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Native Americans name executive director

NEW ORLEANS (BP) — The Fellowship of Native American Christians will install Gary Hawkins as FoNAC’s first-ever executive director during its June 18 meeting in New Orleans as a step toward a greater national presence.

Hawkins, a church planting associate at the Baptist General Convention of Oklahoma, will work to strengthen FoNAC’s network of churches and evangelistic efforts, said Emerson Falls, the group’s president.

“That will enable us to have a day-to-day presence,” Falls said. “There’s a lot of interest. But we just need to get out there and make the connection. When we do things together [as FoNAC churches] we can accomplish much more.”

Meeting at 9 a.m. in Room 333 of the Ernest N. Morial Convention Center, FoNAC will install Hawkins and conduct its business meeting, in advance of the Southern Baptist Convention annual meeting. Hawkins will begin working full-time in January 2013 and will raise funds on the national mission field to support the position.

The fellowship’s theme, “Together We Can,” is drawn from Ecclesiastes 4:12, emphasizing progress the group hopes to make as a more cohesive unit, Falls said. In the past year, the fellowship of some 450 congregations has added two churches.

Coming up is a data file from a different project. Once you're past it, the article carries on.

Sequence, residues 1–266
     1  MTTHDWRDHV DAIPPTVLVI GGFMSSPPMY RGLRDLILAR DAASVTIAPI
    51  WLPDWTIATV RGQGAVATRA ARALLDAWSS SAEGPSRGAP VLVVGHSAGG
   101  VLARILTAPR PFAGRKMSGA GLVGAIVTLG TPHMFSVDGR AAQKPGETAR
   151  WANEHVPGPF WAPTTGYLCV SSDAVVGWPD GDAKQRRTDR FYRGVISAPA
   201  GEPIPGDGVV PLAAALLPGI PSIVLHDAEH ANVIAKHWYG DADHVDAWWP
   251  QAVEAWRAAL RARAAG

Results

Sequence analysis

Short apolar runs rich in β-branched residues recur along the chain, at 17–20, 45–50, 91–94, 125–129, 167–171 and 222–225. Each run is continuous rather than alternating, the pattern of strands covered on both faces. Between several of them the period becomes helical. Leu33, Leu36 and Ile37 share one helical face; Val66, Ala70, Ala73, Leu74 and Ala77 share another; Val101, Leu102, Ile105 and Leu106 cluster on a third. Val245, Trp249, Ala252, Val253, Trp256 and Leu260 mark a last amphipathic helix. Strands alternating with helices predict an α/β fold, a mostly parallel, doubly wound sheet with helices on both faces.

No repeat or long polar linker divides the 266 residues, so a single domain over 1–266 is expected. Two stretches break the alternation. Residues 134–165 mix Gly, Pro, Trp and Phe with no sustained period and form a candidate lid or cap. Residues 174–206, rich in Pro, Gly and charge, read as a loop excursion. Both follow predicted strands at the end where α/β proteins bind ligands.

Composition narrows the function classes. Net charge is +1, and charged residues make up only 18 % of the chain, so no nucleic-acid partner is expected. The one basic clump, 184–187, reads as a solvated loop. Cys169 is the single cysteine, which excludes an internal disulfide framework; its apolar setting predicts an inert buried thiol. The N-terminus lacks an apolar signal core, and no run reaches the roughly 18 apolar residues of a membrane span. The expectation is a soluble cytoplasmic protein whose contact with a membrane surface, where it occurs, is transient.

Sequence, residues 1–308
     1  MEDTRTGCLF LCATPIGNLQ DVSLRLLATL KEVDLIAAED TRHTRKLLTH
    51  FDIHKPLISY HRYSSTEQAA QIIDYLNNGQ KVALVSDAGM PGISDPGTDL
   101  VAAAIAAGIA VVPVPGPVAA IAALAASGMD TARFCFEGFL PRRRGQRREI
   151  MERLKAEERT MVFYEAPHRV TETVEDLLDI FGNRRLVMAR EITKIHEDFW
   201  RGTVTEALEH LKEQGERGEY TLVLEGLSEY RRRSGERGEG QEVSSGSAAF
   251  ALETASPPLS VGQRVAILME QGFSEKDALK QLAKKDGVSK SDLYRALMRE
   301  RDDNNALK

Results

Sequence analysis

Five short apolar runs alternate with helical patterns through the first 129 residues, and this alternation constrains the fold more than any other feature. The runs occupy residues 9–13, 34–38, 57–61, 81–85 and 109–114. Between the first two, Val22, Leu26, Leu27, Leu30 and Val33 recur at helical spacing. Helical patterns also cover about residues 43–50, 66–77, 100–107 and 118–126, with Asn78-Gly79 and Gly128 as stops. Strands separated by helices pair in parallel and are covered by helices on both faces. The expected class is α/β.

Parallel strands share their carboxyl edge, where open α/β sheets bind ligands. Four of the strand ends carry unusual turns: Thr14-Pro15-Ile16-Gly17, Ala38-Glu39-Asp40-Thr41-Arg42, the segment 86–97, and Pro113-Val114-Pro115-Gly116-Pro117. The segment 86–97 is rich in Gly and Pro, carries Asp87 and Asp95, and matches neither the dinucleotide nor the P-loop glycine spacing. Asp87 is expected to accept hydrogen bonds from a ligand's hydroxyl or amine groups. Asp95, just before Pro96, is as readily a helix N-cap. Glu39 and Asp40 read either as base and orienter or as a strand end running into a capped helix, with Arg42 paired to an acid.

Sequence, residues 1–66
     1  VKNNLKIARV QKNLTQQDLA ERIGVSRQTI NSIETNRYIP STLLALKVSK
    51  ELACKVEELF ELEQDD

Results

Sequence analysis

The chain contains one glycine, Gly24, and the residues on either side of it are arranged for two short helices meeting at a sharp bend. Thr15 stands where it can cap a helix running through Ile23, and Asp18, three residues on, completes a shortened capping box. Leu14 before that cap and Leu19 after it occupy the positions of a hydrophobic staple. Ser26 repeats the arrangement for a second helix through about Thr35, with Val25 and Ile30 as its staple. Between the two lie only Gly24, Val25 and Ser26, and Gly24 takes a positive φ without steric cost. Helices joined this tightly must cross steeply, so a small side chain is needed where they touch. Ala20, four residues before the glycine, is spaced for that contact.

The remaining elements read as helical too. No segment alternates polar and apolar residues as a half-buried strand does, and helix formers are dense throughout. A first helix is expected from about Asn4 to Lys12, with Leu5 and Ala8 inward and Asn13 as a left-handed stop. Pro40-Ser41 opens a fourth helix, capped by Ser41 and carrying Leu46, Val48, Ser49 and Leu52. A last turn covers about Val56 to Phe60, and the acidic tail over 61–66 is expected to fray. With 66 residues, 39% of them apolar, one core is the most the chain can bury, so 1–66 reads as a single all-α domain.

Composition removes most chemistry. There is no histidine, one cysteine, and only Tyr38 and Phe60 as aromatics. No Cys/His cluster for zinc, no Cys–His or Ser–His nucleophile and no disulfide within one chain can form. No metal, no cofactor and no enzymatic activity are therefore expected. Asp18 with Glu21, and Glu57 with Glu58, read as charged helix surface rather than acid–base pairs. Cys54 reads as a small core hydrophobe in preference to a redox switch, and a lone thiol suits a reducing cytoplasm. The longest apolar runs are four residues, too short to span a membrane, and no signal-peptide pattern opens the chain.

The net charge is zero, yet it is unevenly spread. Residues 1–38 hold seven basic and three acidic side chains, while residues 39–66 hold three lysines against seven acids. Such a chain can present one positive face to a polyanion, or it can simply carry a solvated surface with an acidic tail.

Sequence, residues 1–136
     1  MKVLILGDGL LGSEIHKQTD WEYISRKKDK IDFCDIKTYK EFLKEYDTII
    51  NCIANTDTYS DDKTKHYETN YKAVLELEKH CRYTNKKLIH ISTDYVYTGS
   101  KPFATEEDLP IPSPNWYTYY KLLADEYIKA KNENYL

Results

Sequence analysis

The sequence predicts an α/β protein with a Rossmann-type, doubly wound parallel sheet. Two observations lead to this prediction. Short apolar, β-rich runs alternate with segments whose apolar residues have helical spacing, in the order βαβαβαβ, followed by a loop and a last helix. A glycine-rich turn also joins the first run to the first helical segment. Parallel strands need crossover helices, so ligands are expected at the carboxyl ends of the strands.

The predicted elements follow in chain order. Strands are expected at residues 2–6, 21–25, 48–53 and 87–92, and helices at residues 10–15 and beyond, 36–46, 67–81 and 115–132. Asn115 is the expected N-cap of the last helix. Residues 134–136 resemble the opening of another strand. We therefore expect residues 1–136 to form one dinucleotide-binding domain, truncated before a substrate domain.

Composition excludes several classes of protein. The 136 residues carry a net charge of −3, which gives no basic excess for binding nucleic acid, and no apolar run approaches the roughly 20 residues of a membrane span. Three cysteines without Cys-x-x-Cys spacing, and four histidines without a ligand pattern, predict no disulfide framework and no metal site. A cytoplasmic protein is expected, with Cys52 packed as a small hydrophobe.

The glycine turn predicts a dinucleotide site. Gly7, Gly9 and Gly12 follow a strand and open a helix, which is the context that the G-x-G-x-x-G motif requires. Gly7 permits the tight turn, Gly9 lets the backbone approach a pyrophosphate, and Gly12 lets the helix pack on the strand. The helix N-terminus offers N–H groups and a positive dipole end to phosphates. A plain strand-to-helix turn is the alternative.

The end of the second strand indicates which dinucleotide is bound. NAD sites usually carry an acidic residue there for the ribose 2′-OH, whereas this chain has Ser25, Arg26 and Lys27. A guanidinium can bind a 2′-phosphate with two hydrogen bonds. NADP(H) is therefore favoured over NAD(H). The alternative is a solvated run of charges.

Falls, a member of the Sac and Fox Nation of Oklahoma, estimates that 90 percent of Native Americans are non-Christian. He ministers to Native Americans by relaying the message of Jesus Christ while respecting cultural sensitivities and acknowledging past mistakes of Christian missionaries.

“Native Americans do not have a great history with Christians. What we want to do is present Jesus Christ and what Christ can do for them as Native Americans,” Falls said. “We’re having to make up for the mistakes that missionaries have made in the past. They were making Anglo persons out of Native American persons. Today, Indian churches look just like Anglo churches.”

During the June 18 business meeting, Falls will ask fellowship churches to give FoNAC 1 percent above their Cooperative Program gifts to fund the new central office, to be based in Tulsa, Okla.

“We’re going to make a concerted effort to contact the churches,” said Falls, who is expecting up to 70 messengers to attend the FoNAC session. “We want to put CP first. I’m very much a strong Southern Baptist.”

Developing indigenous leadership, working in new territory, strengthening its existing work and securing new funding sources, such as grants, are among the priorities the fellowship will address in New Orleans, Falls said. The group, organized in 2008, also will elect officers.

“We just feel like the resources are in the harvest” for indigenous leadership, Falls said.

In evangelizing non-Christian Native Americans, FoNAC will work in conjunction with state Baptist conventions.

“We do have a lot of potential churches in Mississippi and Louisiana,” he said. Currently, the Choctaw Baptist Association in Ackerman, Miss., has about 20 churches. There are no Native American fellowship churches in Louisiana, the annual meeting’s host state.
Diana Chandler is Baptist Press’ staff writer.